A matter of road maintenance
In last Tuesday’s edition of The News, an article appeared concerning the effects of name-calling and cake frosting.
State Senate Majority leader Mike Shirkey had called Gov. Gretchen Whitmer “bat-s*** crazy.”
The governor responded by sending Skirkey a cake for his 65th birthday coated in black frosting, with a big bat and “Happy 65th Bat Day!” in yellow frosting. Shirkey came back with, “Having a ‘batful’ day thanks to my friend Governor Whitmer.”
Then — along with other legislative leaders — they proceeded to restore millions of dollars in school and other program funding.
But more frosting will have to be slathered. The topic that prompted Shirkey to call Whitmer “bat-s*** crazy” remains unresolved.
You may recall Gov. Whitmer proposed a 45-cents-per-gallon gas tax increase to fix our roads. The fact you were able to recall that proposal is, I suspect, the reason she made it. She knew such an increase would never fly, no matter how much frosting was applied, but she wanted to get people’s attention in a forceful — if not party-like manner.
That topic is still on the table. Now what?
For answers, I turned to a couple of road engineers I know: Ron Young, the former manager of the Alcona County Road Commission, and Tom Hilberg, a former construction engineer for the Michigan state highway department. They made percipient coffee-drinking companions and profound expounders of pertinent roadway information — but offered only one definitive answer.
Here’s what they — or the information they provided — had to say:
1. The Transportation Asset Management Council is composed of state, county, township, and road commission officials. One of its jobs is to monitor the condition of Michigan’s roads. It’s 2018 report can be found at michigan.gov/tamc. Here are some highlights:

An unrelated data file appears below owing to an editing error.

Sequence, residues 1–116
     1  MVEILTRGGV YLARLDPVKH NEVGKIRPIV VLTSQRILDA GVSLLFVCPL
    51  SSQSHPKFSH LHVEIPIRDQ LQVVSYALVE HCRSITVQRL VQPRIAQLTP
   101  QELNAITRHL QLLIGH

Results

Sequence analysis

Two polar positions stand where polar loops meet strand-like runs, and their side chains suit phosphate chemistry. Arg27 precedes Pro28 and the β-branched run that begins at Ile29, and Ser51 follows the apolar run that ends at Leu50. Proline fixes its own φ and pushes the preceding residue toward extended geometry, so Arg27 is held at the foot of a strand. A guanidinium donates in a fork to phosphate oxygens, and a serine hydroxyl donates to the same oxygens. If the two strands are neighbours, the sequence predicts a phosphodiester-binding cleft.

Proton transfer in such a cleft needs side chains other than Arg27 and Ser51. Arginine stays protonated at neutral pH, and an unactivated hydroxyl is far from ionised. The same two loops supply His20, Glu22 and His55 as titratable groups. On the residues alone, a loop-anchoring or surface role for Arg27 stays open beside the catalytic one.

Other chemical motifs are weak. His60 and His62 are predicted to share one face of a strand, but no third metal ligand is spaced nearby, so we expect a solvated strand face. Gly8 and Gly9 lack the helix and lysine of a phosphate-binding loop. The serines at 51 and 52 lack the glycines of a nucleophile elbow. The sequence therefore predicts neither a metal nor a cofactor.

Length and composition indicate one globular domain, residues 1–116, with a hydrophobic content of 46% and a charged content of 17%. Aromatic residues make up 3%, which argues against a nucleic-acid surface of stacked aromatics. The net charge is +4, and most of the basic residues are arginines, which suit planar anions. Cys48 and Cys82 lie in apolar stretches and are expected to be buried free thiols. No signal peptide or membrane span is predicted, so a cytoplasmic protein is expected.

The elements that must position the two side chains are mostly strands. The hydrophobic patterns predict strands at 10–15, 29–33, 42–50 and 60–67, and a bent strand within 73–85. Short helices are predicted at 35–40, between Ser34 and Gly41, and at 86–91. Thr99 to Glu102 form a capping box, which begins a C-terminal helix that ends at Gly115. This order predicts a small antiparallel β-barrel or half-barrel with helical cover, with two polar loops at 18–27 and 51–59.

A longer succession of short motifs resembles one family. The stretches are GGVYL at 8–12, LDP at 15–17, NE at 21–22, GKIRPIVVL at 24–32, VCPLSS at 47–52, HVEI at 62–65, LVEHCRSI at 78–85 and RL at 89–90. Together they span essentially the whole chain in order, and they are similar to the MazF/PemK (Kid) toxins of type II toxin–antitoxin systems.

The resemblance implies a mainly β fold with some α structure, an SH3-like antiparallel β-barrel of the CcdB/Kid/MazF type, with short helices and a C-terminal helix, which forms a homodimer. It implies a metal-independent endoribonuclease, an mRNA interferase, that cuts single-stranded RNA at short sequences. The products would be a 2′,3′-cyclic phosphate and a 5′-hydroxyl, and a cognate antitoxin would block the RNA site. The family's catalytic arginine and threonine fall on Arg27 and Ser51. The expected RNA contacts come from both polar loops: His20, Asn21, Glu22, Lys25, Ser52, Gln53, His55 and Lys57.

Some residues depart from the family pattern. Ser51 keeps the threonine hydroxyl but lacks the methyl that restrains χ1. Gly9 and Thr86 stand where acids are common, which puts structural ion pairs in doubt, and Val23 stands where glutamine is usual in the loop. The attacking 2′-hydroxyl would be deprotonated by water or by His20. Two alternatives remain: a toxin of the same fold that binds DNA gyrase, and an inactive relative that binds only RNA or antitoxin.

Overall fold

a.) 41 % of our paved federal-aid roads are in poor repair, 51% of the paved non-federal aid roads are.
b.) For well over a decade, more roads have deteriorated than have been improved.
c.) In 2018, 10.7 % of Michigan’s bridges were in poor condition. This is the highest level in the Midwest. The council forecasts bridge deterioration percentages will continue to rise significantly.
2. Michigan’s road funding program is inefficient.
Road dollars are rationed among local governmental units in accordance with a set percentage from fixed funding sources. But these formulas do not reflect the relative needs of different areas, nor do the distribution formulas reflect actual road utilization.
Mandated targeted funding of certain projects is often a problem. A certain percentage of road funding must be spent on non-motorized transportation. The Michigan Department of Natural Resources and others get special allocations that diminish funds available for needed road maintenance elsewhere, and some groups are given favorable treatment in road use regulations.
3. We provide insufficient funding support. Michigan is one of the few states to impose a sales tax on gasoline. As the price of gas rises, so does this tax, which is in addition to a state gas tax and a federal gas tax. When all three are considered, it puts Michigan in the top tier of states in the amount charged per gallon.
But — and this is a big but — though imposed on gasoline, all this tax revenue doesn’t go to roads. Based on the percentage of gas taxes allocated to roads, Michigan is 40th in the nation. We’re 33rd in road investment per lane mile, and dead last on a per-capita road investment basis (michigan.gov/realitycheck).
4. The future is challenging. Emerging electric-powered vehicles pay no gas tax, political parties are unable to agree upon much of anything, and vested interests will make change difficult.
5. Which brings me to Ron and Tom’s definitive answer: Hold more ribbon-cutting ceremonies.
Road maintenance is not sexy in any form, but new roads can be, and it’s there the ribbon-cutting ceremonies occur. Ron and Tom recommend we hold ribbon-cutting ceremonies for major maintenance projects. They feel politicians would be more likely to support them if they knew they’d get their picture taken.
More ribbon-cutting picture-taking ceremonies would be helpful.
But at those parties, I suspect there will still be name-calling — with fewer cakes and less frosting.
Doug Pugh’s “Vignettes” runs biweekly on Tuesdays. He can be reached at firstname.lastname@example.org.